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Use of a router together with a DSL modem

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Copper Contributor
Copper Contributor
Posts: 15
Registered: ‎05-19-2009

Use of a router together with a DSL modem

Message 1 of 14
(8,400 Views)

Hello Group,

 

I have some questions regarding the use of a Robotics 8054
router between a Westell 6100 DSL modem and my only PC.
Both connections are by cable. No wifi is used. The internet
service is provided by Verizon.

 

There is an antivirus  program, a spyware defense program
as well as the ZoneAlarm firewall installed on the PC.


I have access to and from the Internet for e-mail and surfing
with the router in place and ZoneAlarm turned off or on.

 

If however I try to download updates for the antivirus for example,
with ZoneAlarm turned on ( and the router turned on), Zone-
Alarm asks for permission to access the net. When I do the
same with ZoneAlarm turned off, no permission is asked and
the download proceeds.

 

There are therefore two questions which arise:
1.) How can I be sure that the router adds any security over
and above that of ZoneAlarm?

2.) How is the question whether to access the internet

resolved, when ZoneAlarm is off and only the router is between

the DSL modem and my PC?

 

Details which may be of interest are:
I went to 192.168.123.254 and set up as admin, providing
a password.
LAN IP Address is 192.168.123.254
LAN Subnet Mask is 255.255.255.0
DHSP Server is enabled.
Range Start 192.168.123.100
Range End  192.168.123.199
Obtain IP automatically (DHCP client) is checked.

 

Is there anybody who has answers?

 

Thank you,
GR.

13 REPLIES 13
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Trivia Champ
Trivia Champ
Posts: 5,916
Registered: ‎09-24-2008

Re: Use of a router together with a DSL modem

Message 2 of 14
(8,390 Views)
#1 Is this the free version OR one of the pay version(s)?

One example of the paid versions, is ZoneAlarm Pro.

http://www.portforward.com/english/softwarefw/ZoneAlarmPro/ZoneAlarmProindex.htm

^^

#2 Since wireless is not being used, did you turn off Wireless in the router?
Message Edited by dslr595148 on 06-27-2009 02:40 PM

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Copper Contributor
Copper Contributor
Posts: 15
Registered: ‎05-19-2009

Re: Use of a router together with a DSL modem

Message 3 of 14
(8,386 Views)

Hello dslr....,

 

The ZoneAlarm firewall is the free version.

 

I have turned off the wireless feature in the router wizard.

 

In the meantime I also have checked the Westell 6100 Modem and it

is set in Bridge mode. I did not change that.

 

GR.

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Trivia Champ
Trivia Champ
Posts: 5,916
Registered: ‎09-24-2008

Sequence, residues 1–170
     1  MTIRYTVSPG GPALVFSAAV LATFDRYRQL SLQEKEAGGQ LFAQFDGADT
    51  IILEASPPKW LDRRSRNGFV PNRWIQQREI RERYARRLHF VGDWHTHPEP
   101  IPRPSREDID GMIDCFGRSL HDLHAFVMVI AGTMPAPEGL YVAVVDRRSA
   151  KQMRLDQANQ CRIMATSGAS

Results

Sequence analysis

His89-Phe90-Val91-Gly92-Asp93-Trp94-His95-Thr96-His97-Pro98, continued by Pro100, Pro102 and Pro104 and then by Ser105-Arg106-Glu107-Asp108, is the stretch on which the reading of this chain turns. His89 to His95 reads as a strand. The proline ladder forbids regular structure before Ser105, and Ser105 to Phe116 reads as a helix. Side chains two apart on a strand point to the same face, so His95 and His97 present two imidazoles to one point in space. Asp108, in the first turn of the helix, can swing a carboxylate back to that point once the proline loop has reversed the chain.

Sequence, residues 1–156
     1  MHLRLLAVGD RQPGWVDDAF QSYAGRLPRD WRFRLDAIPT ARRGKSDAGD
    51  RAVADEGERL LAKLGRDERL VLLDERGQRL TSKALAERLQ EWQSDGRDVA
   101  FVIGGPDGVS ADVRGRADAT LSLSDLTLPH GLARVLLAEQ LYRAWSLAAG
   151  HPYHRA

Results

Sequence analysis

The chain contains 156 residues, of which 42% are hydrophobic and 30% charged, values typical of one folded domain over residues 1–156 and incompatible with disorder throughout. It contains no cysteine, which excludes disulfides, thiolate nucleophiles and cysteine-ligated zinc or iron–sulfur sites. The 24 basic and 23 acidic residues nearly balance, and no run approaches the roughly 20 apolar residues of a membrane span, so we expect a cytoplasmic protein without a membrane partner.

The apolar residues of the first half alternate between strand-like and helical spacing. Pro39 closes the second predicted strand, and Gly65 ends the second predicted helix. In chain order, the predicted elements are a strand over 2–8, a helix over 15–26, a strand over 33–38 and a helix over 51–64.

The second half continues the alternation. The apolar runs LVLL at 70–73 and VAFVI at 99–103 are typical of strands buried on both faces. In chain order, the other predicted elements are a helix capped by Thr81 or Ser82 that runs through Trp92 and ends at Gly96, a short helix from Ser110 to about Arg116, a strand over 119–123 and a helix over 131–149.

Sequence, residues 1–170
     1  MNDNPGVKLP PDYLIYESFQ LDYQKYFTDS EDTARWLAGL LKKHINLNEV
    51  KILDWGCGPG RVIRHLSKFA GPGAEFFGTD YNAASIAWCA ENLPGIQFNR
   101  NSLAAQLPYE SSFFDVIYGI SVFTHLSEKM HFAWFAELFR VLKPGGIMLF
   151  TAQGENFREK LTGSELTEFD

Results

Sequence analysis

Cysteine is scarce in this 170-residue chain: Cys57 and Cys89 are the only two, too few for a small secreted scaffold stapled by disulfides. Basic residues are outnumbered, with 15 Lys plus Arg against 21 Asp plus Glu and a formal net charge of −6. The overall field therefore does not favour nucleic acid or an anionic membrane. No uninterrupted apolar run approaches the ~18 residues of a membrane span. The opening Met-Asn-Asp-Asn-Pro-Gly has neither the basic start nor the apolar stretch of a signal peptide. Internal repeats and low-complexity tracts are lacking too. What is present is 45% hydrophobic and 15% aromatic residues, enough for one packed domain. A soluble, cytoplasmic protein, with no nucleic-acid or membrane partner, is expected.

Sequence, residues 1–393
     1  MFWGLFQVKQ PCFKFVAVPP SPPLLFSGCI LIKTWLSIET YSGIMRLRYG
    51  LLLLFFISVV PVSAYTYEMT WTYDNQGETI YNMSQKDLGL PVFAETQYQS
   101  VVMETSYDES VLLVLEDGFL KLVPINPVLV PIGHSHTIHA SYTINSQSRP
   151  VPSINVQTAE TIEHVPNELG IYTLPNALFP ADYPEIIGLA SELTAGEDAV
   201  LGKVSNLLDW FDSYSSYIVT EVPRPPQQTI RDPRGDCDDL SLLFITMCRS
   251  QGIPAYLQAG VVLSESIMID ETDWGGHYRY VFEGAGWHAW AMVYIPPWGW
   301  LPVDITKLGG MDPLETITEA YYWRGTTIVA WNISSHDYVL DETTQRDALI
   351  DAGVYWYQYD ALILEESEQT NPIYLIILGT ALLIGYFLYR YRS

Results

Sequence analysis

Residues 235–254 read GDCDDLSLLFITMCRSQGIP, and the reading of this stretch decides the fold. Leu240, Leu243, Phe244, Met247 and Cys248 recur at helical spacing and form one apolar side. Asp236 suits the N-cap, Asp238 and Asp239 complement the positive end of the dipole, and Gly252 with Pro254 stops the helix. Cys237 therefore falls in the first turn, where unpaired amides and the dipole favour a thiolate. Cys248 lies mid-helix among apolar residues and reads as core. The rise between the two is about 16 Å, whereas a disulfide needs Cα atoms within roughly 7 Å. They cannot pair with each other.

Re: Use of a router together with a DSL modem

Message 4 of 14
(8,377 Views)
Ok.

#1 From the net to you:

a) Your router protects you from traffic from the Internet.

b) Your software firewall protects you from traffic with-in the same LAN (applies that you are behind a NAT router that is in NAT mode, and applies that is other computers besides your own).

c) If you were not behind a router in NAT mode, your software firewall protects you from traffic from the Internet.

--

#2 From you to the net.

The software firewall tries to protect you software on your machine from "calling home".

b) And not one is perfect.

Source(s) that not one is perfect:

http://www.matousec.com/projects/proactive-security-challenge/

http://www.testmypcsecurity.com/view_results.html

#3 I know that you already have ZoneAlarm installed, but here is a tutorial that you may find interesting.

http://www.markusjansson.net/eza.html

PS. Some of the stuff, I already told you..

If you are the original poster (OP) and your issue is solved, please remember to click the "Solution?" button so that others can more easily find it. If anyone has been helpful to you, please show your appreciation by clicking the "Kudos" button.


 

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Copper Contributor
Copper Contributor
Posts: 15
Registered: ‎05-19-2009

Re: Use of a router together with a DSL modem

Message 5 of 14
(8,358 Views)

Hello dslr....,

 

Thanks for your explanations. I hope you do not mind if I
add more questions for you:

 

1.) You say the router protects me from traffic from the Internet.
How does the router provide this protection? Do I understand
correctly that it makes my PC invisible to the Wide Area Net?
If it does that, how can I call up webpages to be sent to me if
I am not visible?

 

2.) Since I am the only PC on the router and modem, I do not
need any protection from the Local Area Network. Is that true?

 

3.) Finally, since I do have a Local Area Network consisting of
one computer, do I really need the router or would the Network
Address Transformation of the modem itself not do the same
job? Going further, would the software firewall alone not do the
job equally well as the router or the modem in Network Trans-
formation mode?

 

I shall have to study the info on the links you provided before
I can go into the problem of traffic from my computer to the
Internet.

 

Thanks in the meantime
GR.

Copper Contributor
Copper Contributor
Posts: 15
Registered: ‎05-19-2009

Re: Use of a router together with a DSL modem

Message 6 of 14
(8,305 Views)

Hello again dslr...,

 

Now I have looked at the links which you suggested would
provide additional answers to my questions regarding